Years ago, a wise woman told me that as a new mom “the years are short, but the days are long.” At the time, I had no idea what that meant and how it would apply to my life.
Fast forward to when I gave birth to my first son at 34 years old, I thought I had life all figured out. Planning for my life began at an early age. I wanted to get an education, have a great career and live out loud in my 20’s, with marriage and kids set for my 30’s. Everything I planned and thought I wanted, came true!
My wedding took place on July 23, 2011. Soon after, I received a call to work for President Obama as his National Youth Vote Director. Life appeared to be picture perfect and going according to plan.
While standing backstage at an event for President Obama in Philadelphia, just three months into my new marriage, I felt sick. Really sick. During the event, I stepped outside to catch a breath of fresh air and started vomiting. Immediately, I dismissed it and thought I had the flu.
My successful event ended, but the vomiting didn’t. A few days later, I discovered that I was pregnant with my first child. In the days following, I was excited, nervous, fearful and concerned.
“What’s wrong with you!? This is everything you wanted. This is everything you prayed for!?”
I couldn’t understand the roller coaster of emotions that I was experiencing at that time. While I was so very excited to be bringing life into the world, I questioned whether I was ready. I questioned whether I could be a great mom. I questioned whether I could put the needs of my child before my own.
At the time, my career was a major priority and my husband respected that. In fact, he was attracted to it and I couldn’t wrap my head around how I would balance motherhood, my marriage and my career.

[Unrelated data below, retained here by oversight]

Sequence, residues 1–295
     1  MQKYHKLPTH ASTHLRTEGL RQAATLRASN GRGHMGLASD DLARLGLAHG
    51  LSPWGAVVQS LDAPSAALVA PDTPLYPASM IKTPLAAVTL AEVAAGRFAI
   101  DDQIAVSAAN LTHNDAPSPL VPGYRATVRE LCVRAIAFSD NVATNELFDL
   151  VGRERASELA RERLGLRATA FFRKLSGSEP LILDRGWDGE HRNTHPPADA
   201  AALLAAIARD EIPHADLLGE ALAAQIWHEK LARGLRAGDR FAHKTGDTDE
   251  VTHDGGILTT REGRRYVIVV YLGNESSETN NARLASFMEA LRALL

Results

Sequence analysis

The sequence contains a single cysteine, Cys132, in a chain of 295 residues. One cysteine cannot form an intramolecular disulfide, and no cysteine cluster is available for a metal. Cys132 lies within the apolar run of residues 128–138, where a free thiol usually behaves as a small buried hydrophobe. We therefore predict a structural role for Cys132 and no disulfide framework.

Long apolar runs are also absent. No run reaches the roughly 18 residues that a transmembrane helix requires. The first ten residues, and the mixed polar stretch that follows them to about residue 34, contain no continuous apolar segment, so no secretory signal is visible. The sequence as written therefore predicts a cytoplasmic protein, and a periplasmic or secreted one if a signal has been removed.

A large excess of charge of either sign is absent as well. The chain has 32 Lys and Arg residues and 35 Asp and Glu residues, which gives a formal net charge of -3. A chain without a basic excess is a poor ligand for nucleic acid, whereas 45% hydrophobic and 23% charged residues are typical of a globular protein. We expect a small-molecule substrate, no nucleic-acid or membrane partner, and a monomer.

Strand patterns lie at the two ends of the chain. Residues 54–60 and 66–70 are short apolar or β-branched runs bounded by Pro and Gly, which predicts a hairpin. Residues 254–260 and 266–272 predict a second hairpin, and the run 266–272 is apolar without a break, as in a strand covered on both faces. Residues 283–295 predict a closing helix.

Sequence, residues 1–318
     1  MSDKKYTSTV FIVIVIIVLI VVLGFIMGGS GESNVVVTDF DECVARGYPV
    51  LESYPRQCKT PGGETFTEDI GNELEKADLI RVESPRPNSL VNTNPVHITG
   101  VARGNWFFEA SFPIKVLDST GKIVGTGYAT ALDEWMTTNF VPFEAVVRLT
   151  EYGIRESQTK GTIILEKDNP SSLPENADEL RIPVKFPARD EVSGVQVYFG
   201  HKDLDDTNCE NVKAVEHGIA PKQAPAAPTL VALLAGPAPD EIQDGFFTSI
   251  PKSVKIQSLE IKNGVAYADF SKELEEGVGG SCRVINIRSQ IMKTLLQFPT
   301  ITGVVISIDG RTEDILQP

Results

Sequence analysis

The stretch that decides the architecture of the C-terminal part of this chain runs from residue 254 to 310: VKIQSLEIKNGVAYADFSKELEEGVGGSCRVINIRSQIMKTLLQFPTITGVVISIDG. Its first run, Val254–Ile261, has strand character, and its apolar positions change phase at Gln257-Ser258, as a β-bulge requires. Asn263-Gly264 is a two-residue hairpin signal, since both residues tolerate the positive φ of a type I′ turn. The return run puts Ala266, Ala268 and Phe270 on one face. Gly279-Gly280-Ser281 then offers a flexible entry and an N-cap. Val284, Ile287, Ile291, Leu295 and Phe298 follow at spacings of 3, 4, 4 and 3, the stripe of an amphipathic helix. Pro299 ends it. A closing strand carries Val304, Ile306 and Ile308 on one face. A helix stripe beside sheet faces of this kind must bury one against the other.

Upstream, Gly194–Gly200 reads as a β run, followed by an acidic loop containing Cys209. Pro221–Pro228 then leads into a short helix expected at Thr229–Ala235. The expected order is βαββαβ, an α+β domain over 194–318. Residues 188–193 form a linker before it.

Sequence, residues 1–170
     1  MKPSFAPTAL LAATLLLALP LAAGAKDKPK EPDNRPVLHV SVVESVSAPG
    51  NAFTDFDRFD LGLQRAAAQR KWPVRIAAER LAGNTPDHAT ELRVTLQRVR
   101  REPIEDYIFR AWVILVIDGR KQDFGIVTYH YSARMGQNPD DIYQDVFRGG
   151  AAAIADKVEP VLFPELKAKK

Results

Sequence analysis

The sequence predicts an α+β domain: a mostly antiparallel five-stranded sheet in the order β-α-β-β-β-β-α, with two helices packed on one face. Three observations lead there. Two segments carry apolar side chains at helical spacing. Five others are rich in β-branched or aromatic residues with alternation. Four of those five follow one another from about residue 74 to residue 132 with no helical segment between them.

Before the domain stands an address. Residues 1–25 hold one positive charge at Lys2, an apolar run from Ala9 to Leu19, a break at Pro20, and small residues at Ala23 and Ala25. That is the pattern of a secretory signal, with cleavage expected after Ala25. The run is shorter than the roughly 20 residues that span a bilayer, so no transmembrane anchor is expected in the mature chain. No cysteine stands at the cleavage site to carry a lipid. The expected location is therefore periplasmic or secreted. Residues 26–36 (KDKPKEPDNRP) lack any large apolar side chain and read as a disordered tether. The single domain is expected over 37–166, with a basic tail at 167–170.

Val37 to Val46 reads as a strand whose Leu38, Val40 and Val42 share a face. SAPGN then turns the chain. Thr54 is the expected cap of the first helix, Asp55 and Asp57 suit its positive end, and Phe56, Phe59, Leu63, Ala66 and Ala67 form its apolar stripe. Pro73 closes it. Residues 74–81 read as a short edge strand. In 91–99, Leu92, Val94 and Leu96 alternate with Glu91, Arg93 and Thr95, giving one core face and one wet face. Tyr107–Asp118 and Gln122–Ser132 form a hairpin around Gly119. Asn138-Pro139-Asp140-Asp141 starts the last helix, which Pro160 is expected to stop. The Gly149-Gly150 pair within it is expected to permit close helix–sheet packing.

As my belly and morning sickness grew, I started feeling more and more connected to my baby boy. I finally (well into my second trimester) let my job know the news. The entire team was overjoyed and I continued to work full-time all the way though my pregnancy.
Even in the delivery room, I continued responding to work emails and texts until finally one MAJOR contraction shut me down. When my son was born and husband cut his umbilical cord, it was as if the world stopped. As I held my son close to my chest, in an instant, my life and priorities changed.
This little person, my son, needed me. And I needed him. We needed each other and it was my responsibility to ensure that he receives the best possible life through love and unconditional support.
My career continued, but with a major reprioritization. I started performing the balancing act, which included breastfeeding, diaper changing and doctors visits all as a working mom.
At the end of the day, I believe that God and family come first and the rest will work itself out if we remain focused and committed to the perfectly imperfect journey of motherhood.
The days may seem long and sometimes draining, but we will look back on those moments and only remember the strong and loving connections we made with our babies.
Valeisha Butterfield Jones is the CEO of the Women in Entertainment Empowerment Network (WEEN), Author of The Girlprint and former National Youth Vote Director for Obama for America